Does it though? No where in the video or anything I have seen claims this?

Looks more like requirements to me personally. Games just claim all the memory available because nothing else will really be used. Gamers use 1 game at a time anyway. We don't really have any tools to see how much memory is actually being used.Quote

06-03-2021, 07:17:18

EyeOfAC
Seems to me more vram requires more bandwidth, or the total time to read trough the vram will increase. This will lead to increased frametimes.

Infinity cache will only help with repetitive access, so it can only make more efficient use of the bandwidth, not really increase it.

The consoles dont even have inf.cache and XBX ”fast” vram is only 10gb. They will be just as limited by bandwidth. it remains to be seen how high vram usage will actually emerge for the new generation. PS5 looks to be best positioned to use most vram @30fps

So I think this is AMD’s VRAM revolution to 30fps gaming.Quote

06-03-2021, 09:56:30

Gambit2K
Horizon Zero Dawn 1080p maxed out 5,5 Gb in menues and 11,5 GB
in the ingame benchmark.

Horizon Zero Dawn 4K maxed out 5,5 Gb in menues 13,0 GB
in the ingame benchmark.Quote

06-03-2021, 10:26:18

tgrech
Quote:
Originally Posted by EyeOfAC View Post
Seems to me more vram requires more bandwidth, or the total time to read trough the vram will increase. This will lead to increased frametimes.

Infinity cache will only help with repetitive access, so it can only make more efficient use of the bandwidth, not really increase it.
This isn't really true, with predictive caching and prefetching, which is a very mature concept mastered with modern CPUs branch predictors, you DO increase the effective average bandwidth on general transfers, not just repetitive transfers.

The main issue I see with AMD's data, is that with the settings they must be to get this VRAM amount at 1440p, a lot of the games are probably running at like 30 FPS on a RX 6700/RTX 3070 ish card anyway.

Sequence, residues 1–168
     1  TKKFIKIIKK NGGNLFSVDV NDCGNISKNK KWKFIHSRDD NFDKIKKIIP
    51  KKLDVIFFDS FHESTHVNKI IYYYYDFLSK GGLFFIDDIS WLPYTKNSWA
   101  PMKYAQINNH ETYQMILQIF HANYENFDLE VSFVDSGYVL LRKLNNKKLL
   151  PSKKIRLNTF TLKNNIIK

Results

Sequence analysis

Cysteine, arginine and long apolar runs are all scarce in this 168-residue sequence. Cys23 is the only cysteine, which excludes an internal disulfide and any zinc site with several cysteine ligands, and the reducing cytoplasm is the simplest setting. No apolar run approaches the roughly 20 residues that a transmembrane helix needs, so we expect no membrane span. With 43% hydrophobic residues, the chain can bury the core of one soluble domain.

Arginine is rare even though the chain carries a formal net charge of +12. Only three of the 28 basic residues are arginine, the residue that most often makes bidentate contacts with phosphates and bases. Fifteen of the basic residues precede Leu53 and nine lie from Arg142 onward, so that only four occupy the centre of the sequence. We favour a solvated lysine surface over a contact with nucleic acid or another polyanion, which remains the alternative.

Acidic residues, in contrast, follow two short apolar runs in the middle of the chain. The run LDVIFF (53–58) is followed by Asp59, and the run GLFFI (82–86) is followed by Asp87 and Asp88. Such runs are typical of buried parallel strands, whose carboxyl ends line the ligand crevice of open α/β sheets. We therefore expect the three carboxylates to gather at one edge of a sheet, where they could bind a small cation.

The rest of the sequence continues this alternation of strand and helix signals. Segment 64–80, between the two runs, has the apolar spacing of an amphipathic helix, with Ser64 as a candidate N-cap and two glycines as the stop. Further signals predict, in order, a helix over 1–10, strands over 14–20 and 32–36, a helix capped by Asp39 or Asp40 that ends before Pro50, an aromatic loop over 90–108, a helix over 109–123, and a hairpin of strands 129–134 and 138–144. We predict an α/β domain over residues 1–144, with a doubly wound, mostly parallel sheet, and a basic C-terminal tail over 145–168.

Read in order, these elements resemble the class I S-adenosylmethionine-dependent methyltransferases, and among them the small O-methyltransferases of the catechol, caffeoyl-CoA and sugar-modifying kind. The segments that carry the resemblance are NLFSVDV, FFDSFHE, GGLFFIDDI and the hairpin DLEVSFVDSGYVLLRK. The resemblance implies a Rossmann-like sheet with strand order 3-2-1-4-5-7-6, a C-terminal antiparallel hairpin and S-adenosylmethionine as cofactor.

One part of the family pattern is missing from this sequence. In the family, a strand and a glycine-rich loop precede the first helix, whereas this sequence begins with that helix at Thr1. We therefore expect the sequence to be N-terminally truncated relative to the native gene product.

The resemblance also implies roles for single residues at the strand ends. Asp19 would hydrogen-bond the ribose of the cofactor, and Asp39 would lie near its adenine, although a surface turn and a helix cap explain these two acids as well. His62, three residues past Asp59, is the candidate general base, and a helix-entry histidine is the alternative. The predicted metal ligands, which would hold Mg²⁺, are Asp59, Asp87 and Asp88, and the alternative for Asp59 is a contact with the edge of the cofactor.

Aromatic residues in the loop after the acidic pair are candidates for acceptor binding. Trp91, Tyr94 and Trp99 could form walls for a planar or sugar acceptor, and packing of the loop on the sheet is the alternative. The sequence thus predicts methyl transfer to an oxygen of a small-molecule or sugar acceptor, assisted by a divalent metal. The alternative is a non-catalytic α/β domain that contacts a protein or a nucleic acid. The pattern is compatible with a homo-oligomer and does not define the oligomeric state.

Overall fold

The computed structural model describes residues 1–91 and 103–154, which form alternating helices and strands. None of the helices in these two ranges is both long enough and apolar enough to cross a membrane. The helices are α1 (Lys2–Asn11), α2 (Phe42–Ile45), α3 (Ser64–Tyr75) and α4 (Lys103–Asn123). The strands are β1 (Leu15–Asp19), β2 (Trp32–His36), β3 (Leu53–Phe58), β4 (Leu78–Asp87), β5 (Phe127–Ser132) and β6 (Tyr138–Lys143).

There's no way you're actually going to play something like Warzone at these Ultra settings, unless you play only single player.Quote

06-03-2021, 11:29:59

AngryGoldfish
Quote:
Originally Posted by tgrech View Post
The main issue I see with AMD's data, is that with the settings they must be to get this VRAM amount at 1440p, a lot of the games are probably running at like 30 FPS on a RX 6700/RTX 3070 ish card anyway.

There's no way you're actually going to play something like Warzone at these Ultra settings, unless you play only single player.
This is what I think.

AMD marketed the Fury X card as a 4k card. It had the bandwidth at the time to support it (and the VRAM amount was holding up at the time) but not the raw GPU horsepower. It was a moot presentation. The situation is flipped here. A 3060Ti with 8GB of VRAM is sufficient because in most cases you would run into GPU horsepower limitations before running into VRAM limitations. There may be outliers down the line that betray this, but as with all cases of future games on older hardware, if you just turn the settings down a notch or two, you regain your performance. I know some refuse to do this and that's OK. Those will have to buy the very best of the best whenever it is available, in other words, each new generation. I personally don't mind turning a setting or two down because I'd rather spend less and still have a great experience.Quote